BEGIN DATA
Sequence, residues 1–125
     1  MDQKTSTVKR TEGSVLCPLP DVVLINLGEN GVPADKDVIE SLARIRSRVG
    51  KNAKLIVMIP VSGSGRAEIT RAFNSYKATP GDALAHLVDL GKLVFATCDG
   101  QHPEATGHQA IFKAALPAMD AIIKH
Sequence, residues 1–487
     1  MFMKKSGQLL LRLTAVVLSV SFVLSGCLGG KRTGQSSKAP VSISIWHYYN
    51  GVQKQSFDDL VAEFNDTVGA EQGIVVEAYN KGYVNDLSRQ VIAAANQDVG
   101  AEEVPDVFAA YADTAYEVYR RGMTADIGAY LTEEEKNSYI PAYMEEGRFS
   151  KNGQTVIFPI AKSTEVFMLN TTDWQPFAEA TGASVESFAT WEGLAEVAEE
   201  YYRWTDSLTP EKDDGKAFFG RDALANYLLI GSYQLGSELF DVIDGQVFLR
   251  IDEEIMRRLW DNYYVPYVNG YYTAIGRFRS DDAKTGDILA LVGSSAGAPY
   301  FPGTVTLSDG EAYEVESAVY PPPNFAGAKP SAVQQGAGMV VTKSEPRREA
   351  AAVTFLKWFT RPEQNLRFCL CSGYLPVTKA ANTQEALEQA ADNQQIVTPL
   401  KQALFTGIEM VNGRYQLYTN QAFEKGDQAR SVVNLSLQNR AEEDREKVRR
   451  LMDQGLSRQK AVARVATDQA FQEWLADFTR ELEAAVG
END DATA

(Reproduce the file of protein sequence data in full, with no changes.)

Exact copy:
Sequence, residues 1–125
     1  MDQKTSTVKR TEGSVLCPLP DVVLINLGEN GVPADKDVIE SLARIRSRVG
    51  KNAKLIVMIP VSGSGRAEIT RAFNSYKATP GDALAHLVDL GKLVFATCDG
   101  QHPEATGHQA IFKAALPAMD AIIKH
Sequence, residues 1–487
     1  MFMKKSGQLL LRLTAVVLSV SFVLSGCLGG KRTGQSSKAP VSISIWHYYN
    51  GVQKQSFDDL VAEFNDTVGA EQGIVVEAYN KGYVNDLSRQ VIAAANQDVG
   101  AEEVPDVFAA YADTAYEVYR RGMTADIGAY LTEEEKNSYI PAYMEEGRFS
   151  KNGQTVIFPI AKSTEVFMLN TTDWQPFAEA TGASVESFAT WEGLAEVAEE
   201  YYRWTDSLTP EKDDGKAFFG RDALANYLLI GSYQLGSELF DVIDGQVFLR
   251  IDEEIMRRLW DNYYVPYVNG YYTAIGRFRS DDAKTGDILA LVGSSAGAPY
   301  FPGTVTLSDG EAYEVESAVY PPPNFAGAKP SAVQQGAGMV VTKSEPRREA
   351  AAVTFLKWFT RPEQNLRFCL CSGYLPVTKA ANTQEALEQA ADNQQIVTPL
   401  KQALFTGIEM VNGRYQLYTN QAFEKGDQAR SVVNLSLQNR AEEDREKVRR
   451  LMDQGLSRQK AVARVATDQA FQEWLADFTR ELEAAVG